To the editor:
There is no such thing as a free lunch. Or a free session with your friendly health care provider. Everyone knows that, or should know that. Yet an increasing number of our leftist politicians — quite a few in Minnesota included — persist in telling us that, if we would only expand governmental control of our health care system, we could enjoy our free medical lunch.
It is generally called a single-payer system to imply that it is more efficient and therefore less costly. The idea being that everyone would pay up so that free or reduced cost medical care would be available to those that need it. Sounds like a great deal does it not? In reality, it is a third-party payer system because the government is paying for medical services for which they were not a party.
The two parties in the medical services are importantly, first the patient and secondly the doctor, hospital or other providers. Inserting a third party complicates the transaction, becoming less efficient and more costly, it does not simplify it. And the patient has less control of the service which they receive. Now let's take a time out and look at what one reliable source has to say about the free lunch aspect of the deal.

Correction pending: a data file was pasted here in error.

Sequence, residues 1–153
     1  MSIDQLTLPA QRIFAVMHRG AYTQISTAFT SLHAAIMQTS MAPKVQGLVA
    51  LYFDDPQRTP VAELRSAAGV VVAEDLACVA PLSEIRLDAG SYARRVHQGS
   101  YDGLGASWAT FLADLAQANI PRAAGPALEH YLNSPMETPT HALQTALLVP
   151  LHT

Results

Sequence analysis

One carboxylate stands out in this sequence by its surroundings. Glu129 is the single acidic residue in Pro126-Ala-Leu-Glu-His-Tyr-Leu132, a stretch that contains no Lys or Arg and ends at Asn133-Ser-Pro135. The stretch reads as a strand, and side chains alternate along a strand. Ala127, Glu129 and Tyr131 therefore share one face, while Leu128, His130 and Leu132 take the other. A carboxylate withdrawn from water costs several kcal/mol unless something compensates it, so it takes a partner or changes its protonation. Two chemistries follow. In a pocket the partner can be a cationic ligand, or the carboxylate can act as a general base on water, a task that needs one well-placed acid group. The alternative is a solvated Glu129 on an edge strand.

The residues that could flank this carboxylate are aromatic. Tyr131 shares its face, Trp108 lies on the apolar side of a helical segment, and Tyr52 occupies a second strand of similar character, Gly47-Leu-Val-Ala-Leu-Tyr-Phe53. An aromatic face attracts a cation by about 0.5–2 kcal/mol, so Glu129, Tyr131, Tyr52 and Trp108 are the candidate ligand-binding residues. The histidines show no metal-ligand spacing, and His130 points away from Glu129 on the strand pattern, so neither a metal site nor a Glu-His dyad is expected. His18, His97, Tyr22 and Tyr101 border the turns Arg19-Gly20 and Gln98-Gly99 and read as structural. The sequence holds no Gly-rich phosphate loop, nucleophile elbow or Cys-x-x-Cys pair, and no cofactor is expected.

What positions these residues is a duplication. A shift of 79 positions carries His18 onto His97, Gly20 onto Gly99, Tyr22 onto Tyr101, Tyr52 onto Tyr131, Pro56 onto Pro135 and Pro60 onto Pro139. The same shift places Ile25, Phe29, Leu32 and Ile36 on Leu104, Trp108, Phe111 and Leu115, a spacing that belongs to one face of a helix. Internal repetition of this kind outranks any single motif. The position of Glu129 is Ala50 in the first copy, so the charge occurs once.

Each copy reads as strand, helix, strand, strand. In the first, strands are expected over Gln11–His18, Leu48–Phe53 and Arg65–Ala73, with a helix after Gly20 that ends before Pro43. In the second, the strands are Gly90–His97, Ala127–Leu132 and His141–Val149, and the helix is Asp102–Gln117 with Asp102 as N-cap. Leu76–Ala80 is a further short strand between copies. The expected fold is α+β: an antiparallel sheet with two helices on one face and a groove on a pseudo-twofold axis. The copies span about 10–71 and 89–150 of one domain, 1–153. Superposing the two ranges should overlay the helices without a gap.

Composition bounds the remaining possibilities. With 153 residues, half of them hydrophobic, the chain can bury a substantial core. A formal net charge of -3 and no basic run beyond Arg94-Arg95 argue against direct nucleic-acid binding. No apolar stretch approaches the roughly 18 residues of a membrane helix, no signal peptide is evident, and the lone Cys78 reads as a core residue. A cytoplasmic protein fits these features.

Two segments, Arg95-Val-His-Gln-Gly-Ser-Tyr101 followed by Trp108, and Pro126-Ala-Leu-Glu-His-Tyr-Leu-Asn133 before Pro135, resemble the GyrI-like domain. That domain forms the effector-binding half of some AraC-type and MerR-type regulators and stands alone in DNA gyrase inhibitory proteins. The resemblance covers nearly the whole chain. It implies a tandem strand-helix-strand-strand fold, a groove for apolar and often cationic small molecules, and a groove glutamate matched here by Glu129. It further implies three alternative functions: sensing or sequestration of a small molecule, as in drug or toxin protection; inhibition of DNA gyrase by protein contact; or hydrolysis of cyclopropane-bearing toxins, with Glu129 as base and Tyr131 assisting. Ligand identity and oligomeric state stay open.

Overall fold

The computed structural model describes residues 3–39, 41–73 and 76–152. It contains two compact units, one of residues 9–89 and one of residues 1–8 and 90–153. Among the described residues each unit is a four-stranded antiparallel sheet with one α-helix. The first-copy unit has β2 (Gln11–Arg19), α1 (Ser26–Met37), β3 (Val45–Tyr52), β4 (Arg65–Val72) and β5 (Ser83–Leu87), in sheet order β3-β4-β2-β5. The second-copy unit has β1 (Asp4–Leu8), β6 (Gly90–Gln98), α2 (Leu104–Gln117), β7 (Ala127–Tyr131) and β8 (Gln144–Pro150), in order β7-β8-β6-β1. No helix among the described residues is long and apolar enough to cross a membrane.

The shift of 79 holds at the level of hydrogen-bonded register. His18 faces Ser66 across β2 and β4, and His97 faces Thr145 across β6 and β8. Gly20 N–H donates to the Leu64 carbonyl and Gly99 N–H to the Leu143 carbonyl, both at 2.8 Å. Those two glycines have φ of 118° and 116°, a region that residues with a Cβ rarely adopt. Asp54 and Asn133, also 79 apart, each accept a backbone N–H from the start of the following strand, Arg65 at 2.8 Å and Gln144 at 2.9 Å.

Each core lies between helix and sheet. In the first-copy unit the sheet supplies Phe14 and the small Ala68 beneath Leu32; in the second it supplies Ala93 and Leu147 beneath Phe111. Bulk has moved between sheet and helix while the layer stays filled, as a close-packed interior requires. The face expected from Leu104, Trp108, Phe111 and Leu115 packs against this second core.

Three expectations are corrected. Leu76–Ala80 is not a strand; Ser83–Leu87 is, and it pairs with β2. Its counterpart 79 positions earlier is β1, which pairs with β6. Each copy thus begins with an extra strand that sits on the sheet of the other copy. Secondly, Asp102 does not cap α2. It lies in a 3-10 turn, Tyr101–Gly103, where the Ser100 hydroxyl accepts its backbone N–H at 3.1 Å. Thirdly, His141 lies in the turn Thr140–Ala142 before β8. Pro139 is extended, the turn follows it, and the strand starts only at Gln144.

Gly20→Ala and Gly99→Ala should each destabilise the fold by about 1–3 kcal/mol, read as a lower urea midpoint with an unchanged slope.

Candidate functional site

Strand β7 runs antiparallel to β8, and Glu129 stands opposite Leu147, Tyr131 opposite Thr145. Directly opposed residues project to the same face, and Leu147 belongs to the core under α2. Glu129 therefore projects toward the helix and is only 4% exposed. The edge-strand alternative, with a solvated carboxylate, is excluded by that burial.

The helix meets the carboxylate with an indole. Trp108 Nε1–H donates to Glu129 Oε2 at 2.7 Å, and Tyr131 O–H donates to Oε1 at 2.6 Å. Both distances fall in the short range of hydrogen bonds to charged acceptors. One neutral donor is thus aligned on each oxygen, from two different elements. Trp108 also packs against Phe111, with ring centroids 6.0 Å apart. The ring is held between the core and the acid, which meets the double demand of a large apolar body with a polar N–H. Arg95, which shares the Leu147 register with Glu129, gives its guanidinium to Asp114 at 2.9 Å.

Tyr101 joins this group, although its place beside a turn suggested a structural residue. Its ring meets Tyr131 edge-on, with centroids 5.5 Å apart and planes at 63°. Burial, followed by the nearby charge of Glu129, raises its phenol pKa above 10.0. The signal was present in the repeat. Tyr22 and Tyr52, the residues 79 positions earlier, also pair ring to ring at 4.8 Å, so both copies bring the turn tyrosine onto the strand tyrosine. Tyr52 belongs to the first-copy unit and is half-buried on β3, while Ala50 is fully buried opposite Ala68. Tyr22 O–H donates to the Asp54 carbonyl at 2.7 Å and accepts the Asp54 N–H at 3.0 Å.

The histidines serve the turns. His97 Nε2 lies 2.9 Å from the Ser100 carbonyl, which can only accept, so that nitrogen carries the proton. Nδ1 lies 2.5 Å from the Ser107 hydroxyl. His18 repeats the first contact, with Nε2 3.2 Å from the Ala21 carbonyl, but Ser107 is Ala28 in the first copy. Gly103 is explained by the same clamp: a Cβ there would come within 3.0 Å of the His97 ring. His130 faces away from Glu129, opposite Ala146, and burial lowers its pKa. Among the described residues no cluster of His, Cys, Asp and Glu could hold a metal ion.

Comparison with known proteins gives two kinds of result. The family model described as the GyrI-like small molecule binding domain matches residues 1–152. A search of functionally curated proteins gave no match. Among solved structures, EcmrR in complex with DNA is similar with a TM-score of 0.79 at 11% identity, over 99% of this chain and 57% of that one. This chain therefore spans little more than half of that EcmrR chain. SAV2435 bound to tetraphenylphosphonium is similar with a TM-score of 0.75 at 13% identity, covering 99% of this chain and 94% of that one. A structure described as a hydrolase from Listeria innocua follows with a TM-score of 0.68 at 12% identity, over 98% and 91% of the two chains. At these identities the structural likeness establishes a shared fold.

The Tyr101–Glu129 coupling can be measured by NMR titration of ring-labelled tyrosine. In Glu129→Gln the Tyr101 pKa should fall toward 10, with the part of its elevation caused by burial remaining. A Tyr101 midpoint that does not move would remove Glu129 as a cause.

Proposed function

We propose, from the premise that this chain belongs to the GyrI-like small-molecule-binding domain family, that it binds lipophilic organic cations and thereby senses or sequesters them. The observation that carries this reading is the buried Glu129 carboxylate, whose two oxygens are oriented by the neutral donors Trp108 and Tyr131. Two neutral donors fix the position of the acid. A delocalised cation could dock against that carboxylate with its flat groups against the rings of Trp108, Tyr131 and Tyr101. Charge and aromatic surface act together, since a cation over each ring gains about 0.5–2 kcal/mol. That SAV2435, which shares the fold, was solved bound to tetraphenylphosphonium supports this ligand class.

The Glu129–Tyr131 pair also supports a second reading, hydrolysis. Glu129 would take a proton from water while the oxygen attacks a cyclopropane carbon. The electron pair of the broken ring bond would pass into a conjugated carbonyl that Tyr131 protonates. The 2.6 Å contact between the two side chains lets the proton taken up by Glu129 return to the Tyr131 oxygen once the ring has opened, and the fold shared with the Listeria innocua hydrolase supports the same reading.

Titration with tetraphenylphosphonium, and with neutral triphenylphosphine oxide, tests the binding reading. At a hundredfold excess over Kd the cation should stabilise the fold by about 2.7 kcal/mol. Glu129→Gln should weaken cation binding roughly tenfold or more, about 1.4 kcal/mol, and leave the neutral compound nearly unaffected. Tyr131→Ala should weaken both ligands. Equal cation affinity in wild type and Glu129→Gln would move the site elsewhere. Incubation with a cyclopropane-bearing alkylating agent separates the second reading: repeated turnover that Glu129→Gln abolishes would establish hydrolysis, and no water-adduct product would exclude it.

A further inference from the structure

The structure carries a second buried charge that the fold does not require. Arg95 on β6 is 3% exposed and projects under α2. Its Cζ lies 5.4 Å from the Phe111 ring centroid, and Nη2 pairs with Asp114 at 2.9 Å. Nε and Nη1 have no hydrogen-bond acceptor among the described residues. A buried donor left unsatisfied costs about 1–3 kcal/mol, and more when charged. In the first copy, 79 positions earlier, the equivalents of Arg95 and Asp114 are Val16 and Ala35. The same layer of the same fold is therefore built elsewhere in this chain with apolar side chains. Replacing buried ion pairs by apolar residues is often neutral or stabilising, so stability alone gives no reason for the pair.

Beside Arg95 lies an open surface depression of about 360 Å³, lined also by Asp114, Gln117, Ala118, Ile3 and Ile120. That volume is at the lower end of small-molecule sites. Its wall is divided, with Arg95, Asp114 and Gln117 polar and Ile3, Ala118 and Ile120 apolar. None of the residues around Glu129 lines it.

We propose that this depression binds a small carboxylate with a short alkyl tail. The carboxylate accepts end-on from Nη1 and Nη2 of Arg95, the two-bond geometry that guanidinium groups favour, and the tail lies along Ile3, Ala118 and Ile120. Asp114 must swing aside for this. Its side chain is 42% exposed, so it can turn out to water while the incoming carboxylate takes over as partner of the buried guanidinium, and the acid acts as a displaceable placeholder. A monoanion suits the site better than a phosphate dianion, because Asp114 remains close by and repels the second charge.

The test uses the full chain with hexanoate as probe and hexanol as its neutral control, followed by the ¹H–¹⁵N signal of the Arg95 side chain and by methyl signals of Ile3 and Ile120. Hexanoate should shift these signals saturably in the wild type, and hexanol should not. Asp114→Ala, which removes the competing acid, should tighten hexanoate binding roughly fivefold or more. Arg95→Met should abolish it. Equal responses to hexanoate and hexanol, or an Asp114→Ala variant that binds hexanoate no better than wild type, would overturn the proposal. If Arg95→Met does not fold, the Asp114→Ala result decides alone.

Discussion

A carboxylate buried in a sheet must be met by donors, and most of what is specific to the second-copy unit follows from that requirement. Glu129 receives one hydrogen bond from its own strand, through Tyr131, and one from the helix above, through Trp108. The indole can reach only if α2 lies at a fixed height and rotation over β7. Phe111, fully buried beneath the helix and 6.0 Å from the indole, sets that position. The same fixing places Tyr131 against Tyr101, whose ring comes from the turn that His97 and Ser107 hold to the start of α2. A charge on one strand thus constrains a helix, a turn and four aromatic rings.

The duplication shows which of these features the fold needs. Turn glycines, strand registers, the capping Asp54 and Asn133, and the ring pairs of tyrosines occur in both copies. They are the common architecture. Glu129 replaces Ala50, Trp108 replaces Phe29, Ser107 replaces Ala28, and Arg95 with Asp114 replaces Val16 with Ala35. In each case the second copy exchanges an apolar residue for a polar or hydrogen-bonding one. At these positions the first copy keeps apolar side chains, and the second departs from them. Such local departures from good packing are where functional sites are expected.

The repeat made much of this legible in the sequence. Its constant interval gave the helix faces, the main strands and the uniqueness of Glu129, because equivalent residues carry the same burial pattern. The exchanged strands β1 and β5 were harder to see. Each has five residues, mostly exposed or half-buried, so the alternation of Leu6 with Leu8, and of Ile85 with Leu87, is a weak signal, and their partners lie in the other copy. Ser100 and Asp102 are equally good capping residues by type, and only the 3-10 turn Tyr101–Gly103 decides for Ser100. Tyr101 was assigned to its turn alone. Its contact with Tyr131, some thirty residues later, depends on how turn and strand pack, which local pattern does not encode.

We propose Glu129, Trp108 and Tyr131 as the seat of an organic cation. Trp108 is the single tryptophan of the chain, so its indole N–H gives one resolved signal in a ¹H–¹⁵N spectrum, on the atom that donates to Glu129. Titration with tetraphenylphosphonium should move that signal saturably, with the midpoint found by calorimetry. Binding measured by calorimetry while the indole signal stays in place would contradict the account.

The Lewin Group, a Minnesota-based health care think tank, has done an extensive study of the third-party payer (aka single payer) issue. And their conclusion? In Minnesota alone, a third-party payer system would probably require $17 billion in new dedicated taxes on top of existing health benefit programs. Yes, that's right: $17 BILLION! And did you know that several states have toyed with the third-party idea only to back off when they looked at the price tag.
And for what?
Department of Veteran's Affair's quality of health care. Loss of control over one's own health care? Loss or restriction of choice of provider? A utilitarian medical regime controlled by bureaucrats armed with cost-benefit and quality of life algorithms?
Remember, "He who pays the piper picks the tunes."
One hears a lot of grousing about the restrictions and rules currently imposed by private insurers. And the rising costs of health care. But what about governmental rules and restrictions. And what about the inevitable tradeoff between low cost and quality medical care. You can always pay less but you probably will come home with an inferior product.
Yes, there is no such thing as a free lunch.